For now, things will continue as is.
BMW recently purchased Alpina Burkard Bovensiepen GmbH & Co, better known as the famed BMW tuner, Alpina. Not much is known about the deal, but BMW's head of design, Adrian van Hooydonk, spoke about the brand's future for the first time.
The terms of the deal were kept secret to date, and until Van Hooydonk's recent statements, there has been no official word about the future of Alpina. This led to speculation that BMW might use the brand as filler between top-spec BMWs and entry-level Rolls Royces. The latter does make sense, considering there's a massive $200,000 gap between the all-new BMW 7 Series and the entry-level Rolls Royce Ghost.
A similar strategy worked for Mercedes-Maybach, as the Maybach brand did not have enough power to stand on its own two feet.
Van Hooydonk spoke to the BMW Blog recently and revealed what BMW had in store for Alpina.
"We want to be careful with that brand because we bought it for a reason. Alpina is successful in its segment, and it stands for something. For high quality, handcrafted luxurious mobility. We felt that that would be good to add to our range. In fact, we were already helping Alpina produce these vehicles, so we are not looking at any radical change in the immediate future," said Van Hooydonk.
Before the purchase went through, BMW signed a five-year agreement with Alpina. BMW would continue to provide cars straight from its assembly plants, or, in some cases, continue to be manufactured by BMW directly. The XB7, for example, is built alongside the standard X7 in Spartanburg, South Carolina.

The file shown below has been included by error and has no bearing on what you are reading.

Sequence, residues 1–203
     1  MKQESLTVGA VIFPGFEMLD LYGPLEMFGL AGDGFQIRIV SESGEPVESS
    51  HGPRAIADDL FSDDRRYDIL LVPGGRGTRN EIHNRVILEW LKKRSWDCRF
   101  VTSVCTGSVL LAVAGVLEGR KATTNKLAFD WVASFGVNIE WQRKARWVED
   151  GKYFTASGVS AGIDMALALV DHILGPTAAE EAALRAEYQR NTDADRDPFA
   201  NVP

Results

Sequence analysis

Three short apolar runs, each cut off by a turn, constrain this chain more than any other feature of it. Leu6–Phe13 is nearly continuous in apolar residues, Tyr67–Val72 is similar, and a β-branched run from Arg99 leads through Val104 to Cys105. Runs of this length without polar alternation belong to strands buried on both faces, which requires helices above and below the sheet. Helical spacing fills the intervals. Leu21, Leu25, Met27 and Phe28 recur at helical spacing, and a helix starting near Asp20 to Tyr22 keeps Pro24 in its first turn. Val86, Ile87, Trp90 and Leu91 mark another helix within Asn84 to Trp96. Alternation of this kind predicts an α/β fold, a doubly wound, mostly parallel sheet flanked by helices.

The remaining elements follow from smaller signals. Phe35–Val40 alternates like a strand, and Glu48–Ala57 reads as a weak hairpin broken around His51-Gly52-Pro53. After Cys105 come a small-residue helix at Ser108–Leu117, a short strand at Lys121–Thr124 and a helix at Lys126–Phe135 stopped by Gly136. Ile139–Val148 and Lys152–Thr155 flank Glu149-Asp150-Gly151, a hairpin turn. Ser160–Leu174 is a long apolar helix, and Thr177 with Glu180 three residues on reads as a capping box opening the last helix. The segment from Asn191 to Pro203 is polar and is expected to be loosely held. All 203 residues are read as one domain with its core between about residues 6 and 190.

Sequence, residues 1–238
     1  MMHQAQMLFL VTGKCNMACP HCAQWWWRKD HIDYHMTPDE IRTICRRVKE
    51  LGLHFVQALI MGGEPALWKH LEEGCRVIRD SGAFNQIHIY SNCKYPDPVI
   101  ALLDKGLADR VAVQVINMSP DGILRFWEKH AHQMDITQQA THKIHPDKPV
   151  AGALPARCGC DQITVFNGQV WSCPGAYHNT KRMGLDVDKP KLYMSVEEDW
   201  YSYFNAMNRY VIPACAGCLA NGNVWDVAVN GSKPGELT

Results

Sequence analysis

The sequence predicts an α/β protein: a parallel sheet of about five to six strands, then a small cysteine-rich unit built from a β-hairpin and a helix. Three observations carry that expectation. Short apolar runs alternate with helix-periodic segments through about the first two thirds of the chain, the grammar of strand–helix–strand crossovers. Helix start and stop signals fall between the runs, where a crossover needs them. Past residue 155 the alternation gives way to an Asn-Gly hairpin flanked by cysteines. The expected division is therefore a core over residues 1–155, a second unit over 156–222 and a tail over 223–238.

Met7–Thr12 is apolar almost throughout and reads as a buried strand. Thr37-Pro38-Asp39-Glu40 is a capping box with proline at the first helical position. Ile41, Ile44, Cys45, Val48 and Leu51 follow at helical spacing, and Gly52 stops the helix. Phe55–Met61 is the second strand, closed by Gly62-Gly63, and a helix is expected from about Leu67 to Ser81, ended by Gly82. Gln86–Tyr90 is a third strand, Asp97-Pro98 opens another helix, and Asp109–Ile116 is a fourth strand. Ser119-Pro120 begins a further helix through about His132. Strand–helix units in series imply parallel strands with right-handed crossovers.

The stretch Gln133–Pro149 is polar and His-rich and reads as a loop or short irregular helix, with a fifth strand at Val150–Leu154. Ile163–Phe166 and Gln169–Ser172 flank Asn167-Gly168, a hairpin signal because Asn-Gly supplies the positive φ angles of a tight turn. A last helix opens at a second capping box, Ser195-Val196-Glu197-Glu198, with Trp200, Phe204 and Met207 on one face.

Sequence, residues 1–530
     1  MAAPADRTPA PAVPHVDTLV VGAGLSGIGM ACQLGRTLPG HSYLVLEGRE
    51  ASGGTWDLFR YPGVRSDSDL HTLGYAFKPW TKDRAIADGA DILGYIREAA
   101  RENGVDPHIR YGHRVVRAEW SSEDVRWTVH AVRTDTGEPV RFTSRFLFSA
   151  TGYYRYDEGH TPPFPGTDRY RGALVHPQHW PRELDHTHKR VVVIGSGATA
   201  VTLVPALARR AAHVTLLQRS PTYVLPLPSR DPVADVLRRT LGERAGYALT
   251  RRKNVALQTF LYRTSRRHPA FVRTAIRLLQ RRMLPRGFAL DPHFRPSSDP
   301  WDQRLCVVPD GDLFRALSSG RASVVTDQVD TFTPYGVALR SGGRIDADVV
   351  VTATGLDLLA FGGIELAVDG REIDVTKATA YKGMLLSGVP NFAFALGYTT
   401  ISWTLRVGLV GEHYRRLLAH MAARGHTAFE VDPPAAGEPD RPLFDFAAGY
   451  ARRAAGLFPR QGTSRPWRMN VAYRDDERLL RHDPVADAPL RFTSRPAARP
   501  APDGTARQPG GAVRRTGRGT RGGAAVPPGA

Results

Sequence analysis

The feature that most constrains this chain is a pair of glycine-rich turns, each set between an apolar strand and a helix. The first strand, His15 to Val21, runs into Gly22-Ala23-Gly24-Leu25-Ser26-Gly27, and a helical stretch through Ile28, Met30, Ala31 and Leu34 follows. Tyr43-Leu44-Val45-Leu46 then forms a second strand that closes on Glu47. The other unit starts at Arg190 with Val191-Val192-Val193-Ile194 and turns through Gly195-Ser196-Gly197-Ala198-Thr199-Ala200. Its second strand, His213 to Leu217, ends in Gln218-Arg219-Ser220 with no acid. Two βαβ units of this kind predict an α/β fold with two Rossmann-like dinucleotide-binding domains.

The current deal is set to last until the end of 2025, at which point BMW will need to decide what to do with Alpina. This means current and upcoming models like the XB7, B4 Coupe, and inevitable replacement for the B7 will continue as planned.
Following that, it's anyone's guess. We still think BMW will sell Alpina models as more upmarket cars as they don't compete directly with BMW's M department. The B4 is a prime example. The B4 has yet to be confirmed for the US market, but it will likely cost the same as the M4 Competition.
While these cars appear to be similar, they are pretty different. The 462 horsepower and 516 lb-ft 3.0-liter turbocharged 3.0-liter engine in the B4 can hurl it to 60 mph in roughly 3.5 seconds. While that is similar to the M4's time, the M department does not compromise with ride and handling. Alpina exists to make luxurious high-end cars that happen to be fast.
Those are two very different approaches, and BMW will likely want to keep it that way.